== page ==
New technology will accelerate the transition to a skills-based organization

The business world is buzzing about rebuilding the American workforce based on skills over degrees. With the labor market tighter than ever, companies know they must reinvent talent management. But except for a few industry giants, most employers seem to be making little progress towards building the capabilities to be successful in a skills-based world.

Oftentimes, they have been stuck because they don’t know where to start.

Technology, especially the internet, has remade how corporate America works. The one department seemingly unaffected, however, is human resources, whose talent-management tools can consist of gimmicky versions of old-school performance reviews and the sometimes-ever-changing opinions of managers and co-workers.

Human resources professionals will likely acknowledge that academic degrees don’t reveal much about job candidates’ skills. Still, despite that realization, they’ve made little headway in systematically assessing skills that can translate into both gaining and retaining valuable employees.

Companies that adopt a skills-based approach are seeing startling results: Hiring for skills is five times more predictive of job performance than hiring for education, says research published in Psychological Bulletin. And 70% of workers say if their company gave them more opportunities to apply new skills, they would be more likely to stay put, according to the 2023 Career Optimism Index study commissioned by University of Phoenix, where I am the chief operating officer.

Indeed, companies have started to remake themselves by emphasizing and measuring employees’ skills and work performance across the organization — not just work experience and degrees. But it has largely been a manual process based on interviews and assembling lists.

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To get where we need to be, however, we must leverage new technology, including artificial intelligence, that can analyze data easier and provide usable results dynamically because of a vast repository of information that can be assembled quicker. We’ve used technology to power marketing, communications, and operations; now it’s time to use it for talent management.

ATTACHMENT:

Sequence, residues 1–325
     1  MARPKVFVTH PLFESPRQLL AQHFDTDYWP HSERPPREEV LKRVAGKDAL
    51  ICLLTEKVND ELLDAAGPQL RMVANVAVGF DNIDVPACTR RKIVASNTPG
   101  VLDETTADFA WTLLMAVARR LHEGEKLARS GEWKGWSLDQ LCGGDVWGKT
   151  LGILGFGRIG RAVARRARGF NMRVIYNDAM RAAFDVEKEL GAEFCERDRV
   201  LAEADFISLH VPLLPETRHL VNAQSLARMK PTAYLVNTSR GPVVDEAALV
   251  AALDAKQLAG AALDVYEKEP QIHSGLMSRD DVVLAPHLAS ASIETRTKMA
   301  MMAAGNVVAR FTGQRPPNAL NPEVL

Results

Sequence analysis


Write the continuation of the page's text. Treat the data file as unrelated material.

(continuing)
There’s a three-step process to make this happen. First, an inventory of skills required by a company that is unique to them. This can be, say, coding, proposal writing or bookkeeping. Second, and tightly connected to the first step, is an assessment of skill levels required to be demonstrated by those most proficient in those roles on a scale from lower to higher.

Third is aligning employees’ skills and their levels with the needs of the company. Those measurements are captured automatically as data to be analyzed, ideally by AI, and continuously updated and refreshed, providing a real-time look into a company’s operations on an ongoing basis.

But before that can happen, a company needs to ensure the organization is prepped for success. There are three must-haves:

  • Buy-in from managers and employees. New technology tools can be seen as a threat by many because they may reveal weaknesses, leading to fear of demotions or firings. Managers and employees must be reassured that skills assessments and tracking are used only for the growth and development of the company and employees.
  • Backing from a group of respected senior leaders. A partnership comprising the head of HR and the chief operating officer is ideal. The chief executive officer ought to be brought into the fold early as well, to spread the message far and wide.
  • The actual technology that’s needed. Companies will need to partner with a technology provider with deep knowledge of AI and employee engagement, not a mainstay consulting firm, because custom data systems require monitoring and updating, and the experience needs to be one in which employees embrace and utilize the information to develop their skills regularly. These are dynamic systems.

What can a company expect the new technology to do? For one, it can improve productivity, which is important amid the labor crunch. Also, it can build capabilities and enable employees to take on new or different roles within the company over time.

A company keen on making the switch to a skills-based organization must keep in mind that it’s a big project. This is a journey, not an event.

Raghu Krishnaiah

Raghu Krishnaiah
Raghu Krishnaiah is chief operating officer at University of Phoenix.

Raghu Krishnaiah

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